So, you want to assemble a sewing kit for your Italian Peninsula persona? This is a guide to doing so with sources to point you in the right direction for your place and time. Remember, many things were similar on the peninsula but each city was its own autonomous region with its own dialect … More 14th to 15th Century Sewing Kit for La Bella Donna
A helpful resource for those looking at 14th-century Venice is this post on the Carthago Delenda Est blog, which I’ve reposted below. “First I found images by the painter Giotto. Giotto was a Florentine by birth but ranged all over Italy, including the famous Scrovegni Chapel in Padua, which is part of the Veneto. … More 14th-Century Venetian Clothing?
In living history, we tend to choose, recreate, and portray the highlights of life in the past. Here is just some food for thought about how it really would have been to live there for women who couldn’t just pick and choose which experience they wanted to have. Written by Alexandra Korey Anytime any of … More Being a Woman in Renaissance Italy
A page from the Zibaldone da Venice, a 14th-century hodgepodge. (Image: Beinecke Rare Book and Manuscript Library) ONE DAY IN VENICE, SOMETIME near the end of the 14th century, a busy merchant found himself with a few spare moments. Maybe it was a slow day at the docks, or he arrived home too early for dinner. … More Zibaldone – A 14th Century Tumblr?
Ever hear of the Colonna family? Most living history enthusiasts interested in the Italian peninsula have heard of Vittoria Colonna a noblewoman and poet who was good friends with Michelangelo Buonarroti in the 1530s. Well, 600 years ago today (November 11, 1417) Oddone Colonna (or Oddo Colonna) was elected pope, ending the Great Schism. … More 1417 Election of Oddone Colonna as Pope Martin V – 600 Years Ago In Italy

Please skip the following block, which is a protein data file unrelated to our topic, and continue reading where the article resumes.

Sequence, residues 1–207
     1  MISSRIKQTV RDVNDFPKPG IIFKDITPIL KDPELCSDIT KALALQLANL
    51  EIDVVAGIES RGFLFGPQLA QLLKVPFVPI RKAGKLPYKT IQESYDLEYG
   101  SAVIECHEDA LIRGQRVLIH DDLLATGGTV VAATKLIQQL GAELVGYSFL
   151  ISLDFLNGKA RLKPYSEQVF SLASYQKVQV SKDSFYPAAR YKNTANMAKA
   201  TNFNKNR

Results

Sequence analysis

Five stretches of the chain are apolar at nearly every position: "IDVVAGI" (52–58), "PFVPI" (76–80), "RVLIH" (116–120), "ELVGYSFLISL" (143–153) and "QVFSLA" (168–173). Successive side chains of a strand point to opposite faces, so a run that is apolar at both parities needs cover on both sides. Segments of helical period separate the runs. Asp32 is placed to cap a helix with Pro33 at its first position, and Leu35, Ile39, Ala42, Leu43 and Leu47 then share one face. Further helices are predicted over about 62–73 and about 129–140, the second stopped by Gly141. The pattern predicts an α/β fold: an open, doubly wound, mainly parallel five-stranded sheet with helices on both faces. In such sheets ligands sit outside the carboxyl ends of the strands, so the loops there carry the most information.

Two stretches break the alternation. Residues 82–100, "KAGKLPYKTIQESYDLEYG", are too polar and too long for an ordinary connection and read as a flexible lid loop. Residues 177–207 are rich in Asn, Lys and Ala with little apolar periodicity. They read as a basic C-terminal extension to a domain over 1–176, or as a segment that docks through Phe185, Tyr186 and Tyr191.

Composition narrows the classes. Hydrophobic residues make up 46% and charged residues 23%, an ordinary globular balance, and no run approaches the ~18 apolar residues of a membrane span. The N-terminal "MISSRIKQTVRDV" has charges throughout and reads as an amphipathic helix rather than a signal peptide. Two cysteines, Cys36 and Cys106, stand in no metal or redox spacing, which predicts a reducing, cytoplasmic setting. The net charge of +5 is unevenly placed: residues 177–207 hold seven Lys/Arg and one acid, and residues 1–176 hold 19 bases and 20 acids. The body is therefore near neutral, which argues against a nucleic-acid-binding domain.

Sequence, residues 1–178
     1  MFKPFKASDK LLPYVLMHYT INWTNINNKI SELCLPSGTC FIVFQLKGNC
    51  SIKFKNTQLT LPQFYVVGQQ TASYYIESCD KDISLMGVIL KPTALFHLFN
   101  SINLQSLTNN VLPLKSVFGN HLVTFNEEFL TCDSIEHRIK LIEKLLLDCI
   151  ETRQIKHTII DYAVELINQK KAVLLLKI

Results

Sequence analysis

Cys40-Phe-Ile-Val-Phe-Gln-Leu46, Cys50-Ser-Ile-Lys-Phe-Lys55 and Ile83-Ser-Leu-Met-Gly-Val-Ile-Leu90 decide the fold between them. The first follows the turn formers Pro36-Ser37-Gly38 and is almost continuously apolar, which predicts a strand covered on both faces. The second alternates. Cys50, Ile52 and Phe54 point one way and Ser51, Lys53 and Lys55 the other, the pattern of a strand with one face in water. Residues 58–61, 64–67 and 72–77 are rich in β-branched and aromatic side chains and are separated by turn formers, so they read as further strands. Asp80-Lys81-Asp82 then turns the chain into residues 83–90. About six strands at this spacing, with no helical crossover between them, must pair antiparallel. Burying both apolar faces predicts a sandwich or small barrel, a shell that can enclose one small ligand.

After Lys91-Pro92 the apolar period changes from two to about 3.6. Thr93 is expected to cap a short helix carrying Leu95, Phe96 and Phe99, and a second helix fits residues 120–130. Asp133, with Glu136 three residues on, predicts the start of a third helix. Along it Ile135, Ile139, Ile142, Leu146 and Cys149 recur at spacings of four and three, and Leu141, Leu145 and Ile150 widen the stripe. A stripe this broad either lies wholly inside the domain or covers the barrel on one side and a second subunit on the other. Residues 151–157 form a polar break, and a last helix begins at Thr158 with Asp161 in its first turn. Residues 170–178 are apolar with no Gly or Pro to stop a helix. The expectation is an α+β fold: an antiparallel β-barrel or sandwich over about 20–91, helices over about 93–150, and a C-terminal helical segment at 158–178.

Two words: side-laced (actually one word)!. This is my new thing, as front-laced gowns do not look that flattering on me. I’ve been looking for information on female dress in the late 15th-century in both Emilia-Romagna and the Veneto. Ferrara is one of my favorite cities, but nearby cities of Rimini, Mantova, and Venice would help … More Feminine dress of the 15th century: Emilia-Romagna & Veneto
My request to attend Terra del Sole has been approved! I wanted to write about my preparation for this event and share all my research into the quattrocento with you. I am attempting to write in both English and Italian so I can share this with the group that is hosting me, La Sparvieri. Let … More Terra del Sole 1387AD – Preparation!
Did Starbucks know they were paying homage to a 7th-century Italian motif when they chose their logo? The first one below, on the left, is a melusina (melusine) or mermaid in the facade of San Michele, Pavia, Italy. The second one, on the right, is from the crest of the Colonna family. I’m taking some … More Italian Connection: Starbucks Logo
Raucous Royal Reblog: Raucous Royal of the Month, Caterina Sforza: Daughter of Perdition From http://blog.raucousroyals.com/2010/05/raucous-royal-of-month-caterina-sforza.html “…more is always said then the real truth” – Caterina Sforza On August 1483, the 21 year old Caterina Sforza rode up to the Castel Sant’ Angelo as shouts of “Duca! Duca!” cut through the stifling heat. Clad in a green satin … More Caterina Sforza – Daughter of Perdition
Pier Andrea Mattioli from http://penelope.uchicago.edu/~grout/encyclopaedia_romana/aconite/mattioli.html Born in Siena, Pier Andrea Mattioli (1501-1577) was personal physician to Ferdinand I and a prolific commentator on De Materia Medica of Dioscorides, the codex of which Ogier Ghiselin de Busbecq had attempted to acquire from the court of Süleyman I (the Magnificent). Although he failed to procure the manuscript, he did return from Constantinople, … More Pier Mattioli’s 16th Century Herbal